This is where I get angry when I see the next generation — my generation — not understand the value of what our parents built. There seems to be a sense of entitlement by the millennials that is absolutely unearned. Who the heck are you to believe you are entitled to anything?

You’re probably thinking, I’m being too harsh on millennials. No, I’m not. I’m speaking from my perspective of dealing with millennials, of being a millennial.

We are the smartest and laziest generation to date. We’ve been able to invent and use technology that could have only been dreamed of few years ago. Yet, with this technology, it has made us completely lazy and impatient towards the generation before us, the generation that busted their ass to allow us this luxury.

Facebook, Instagram, Pinterest, Reddit and the internet bring us access to everything in seconds. Amazon brings you the cheapest prices for retail, Reddit brings you instant news and Facebook keeps you “connected”.

But, like my dad says, “it’s all bulls**t”. All of this social media, all of this instant gratification and cheap online prices are bulls**t.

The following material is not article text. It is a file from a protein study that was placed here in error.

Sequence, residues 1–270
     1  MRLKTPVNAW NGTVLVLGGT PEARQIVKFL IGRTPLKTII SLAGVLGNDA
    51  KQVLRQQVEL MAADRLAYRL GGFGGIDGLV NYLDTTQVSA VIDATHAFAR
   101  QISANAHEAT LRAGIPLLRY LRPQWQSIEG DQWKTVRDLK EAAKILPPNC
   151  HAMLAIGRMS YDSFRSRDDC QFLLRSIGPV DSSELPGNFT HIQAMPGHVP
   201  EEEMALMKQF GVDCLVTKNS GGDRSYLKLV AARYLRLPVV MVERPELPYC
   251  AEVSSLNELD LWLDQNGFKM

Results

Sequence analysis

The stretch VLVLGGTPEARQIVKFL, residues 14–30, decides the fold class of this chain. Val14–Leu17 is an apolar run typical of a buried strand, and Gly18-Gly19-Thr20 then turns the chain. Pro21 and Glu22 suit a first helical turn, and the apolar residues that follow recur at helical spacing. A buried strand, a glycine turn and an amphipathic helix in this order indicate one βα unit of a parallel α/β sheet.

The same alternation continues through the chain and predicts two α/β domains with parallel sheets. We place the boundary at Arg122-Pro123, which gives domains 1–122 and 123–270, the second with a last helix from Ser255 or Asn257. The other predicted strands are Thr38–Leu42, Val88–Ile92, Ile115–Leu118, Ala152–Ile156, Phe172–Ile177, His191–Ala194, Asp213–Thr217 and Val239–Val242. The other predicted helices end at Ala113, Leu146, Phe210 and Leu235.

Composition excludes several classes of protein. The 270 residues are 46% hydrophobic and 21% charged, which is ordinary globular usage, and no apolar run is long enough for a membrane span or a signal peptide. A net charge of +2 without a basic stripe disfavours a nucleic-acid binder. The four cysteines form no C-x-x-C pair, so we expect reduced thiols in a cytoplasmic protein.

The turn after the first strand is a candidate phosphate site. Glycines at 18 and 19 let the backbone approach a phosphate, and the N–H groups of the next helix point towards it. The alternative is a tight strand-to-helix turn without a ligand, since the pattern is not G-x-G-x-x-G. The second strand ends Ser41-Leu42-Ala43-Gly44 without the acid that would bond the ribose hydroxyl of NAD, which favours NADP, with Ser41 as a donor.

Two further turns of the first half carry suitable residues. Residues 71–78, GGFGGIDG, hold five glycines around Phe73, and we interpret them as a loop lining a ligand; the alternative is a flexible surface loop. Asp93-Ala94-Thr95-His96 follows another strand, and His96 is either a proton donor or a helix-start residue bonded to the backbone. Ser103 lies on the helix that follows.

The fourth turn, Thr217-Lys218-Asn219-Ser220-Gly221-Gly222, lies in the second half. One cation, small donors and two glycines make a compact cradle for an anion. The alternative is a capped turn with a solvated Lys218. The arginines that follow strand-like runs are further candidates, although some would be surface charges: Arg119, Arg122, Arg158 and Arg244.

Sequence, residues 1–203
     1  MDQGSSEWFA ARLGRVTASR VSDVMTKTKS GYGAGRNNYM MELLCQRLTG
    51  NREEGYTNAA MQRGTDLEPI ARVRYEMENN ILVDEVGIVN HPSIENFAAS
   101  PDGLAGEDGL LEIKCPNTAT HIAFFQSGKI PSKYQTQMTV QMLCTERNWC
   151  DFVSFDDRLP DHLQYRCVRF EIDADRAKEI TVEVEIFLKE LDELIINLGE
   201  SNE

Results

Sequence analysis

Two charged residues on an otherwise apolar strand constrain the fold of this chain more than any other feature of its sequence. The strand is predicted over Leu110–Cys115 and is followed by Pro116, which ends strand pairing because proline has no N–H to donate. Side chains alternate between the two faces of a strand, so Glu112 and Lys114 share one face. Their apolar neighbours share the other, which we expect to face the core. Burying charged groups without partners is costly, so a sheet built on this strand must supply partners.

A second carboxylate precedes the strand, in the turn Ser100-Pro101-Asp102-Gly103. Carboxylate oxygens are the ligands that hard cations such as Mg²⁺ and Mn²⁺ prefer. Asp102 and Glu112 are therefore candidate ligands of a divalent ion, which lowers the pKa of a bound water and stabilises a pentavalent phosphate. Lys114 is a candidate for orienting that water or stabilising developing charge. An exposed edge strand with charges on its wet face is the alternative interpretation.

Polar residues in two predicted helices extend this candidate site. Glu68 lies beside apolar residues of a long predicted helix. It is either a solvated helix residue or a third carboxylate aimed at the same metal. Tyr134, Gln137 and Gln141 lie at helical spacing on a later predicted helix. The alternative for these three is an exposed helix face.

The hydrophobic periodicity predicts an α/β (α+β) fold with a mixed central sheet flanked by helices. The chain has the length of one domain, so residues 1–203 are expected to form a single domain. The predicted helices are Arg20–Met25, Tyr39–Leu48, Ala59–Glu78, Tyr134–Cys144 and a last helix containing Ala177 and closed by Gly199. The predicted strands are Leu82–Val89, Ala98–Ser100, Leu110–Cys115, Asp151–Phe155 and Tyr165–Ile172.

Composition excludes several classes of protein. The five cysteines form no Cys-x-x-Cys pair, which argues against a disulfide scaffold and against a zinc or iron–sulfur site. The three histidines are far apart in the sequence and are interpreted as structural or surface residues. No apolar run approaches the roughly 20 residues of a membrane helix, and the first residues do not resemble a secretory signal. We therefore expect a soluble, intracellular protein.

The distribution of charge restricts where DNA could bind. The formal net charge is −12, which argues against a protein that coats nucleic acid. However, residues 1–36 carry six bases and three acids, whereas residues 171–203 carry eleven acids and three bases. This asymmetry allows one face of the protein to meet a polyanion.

Business back in my parents’ day was done based on trust, relationships and true customer service. Having to actually speak to another human being to purchase something. Building a relationship with an expert in that industry.

Now, it’s all about how fast, cheap and better can you get it for. Feeling like because you Googled it or watched a YouTube video on it, you know better than the business owner. I keep hearing that the internet “democratized” this industry, and gave power to the consumer. Well, the consumer isn’t always right. The internet isn’t always right. You didn’t put 10,000 hours in a business to know the craft. You’re not suddenly an expert on diamonds because you saw a certificate online and read about it on Wikipedia.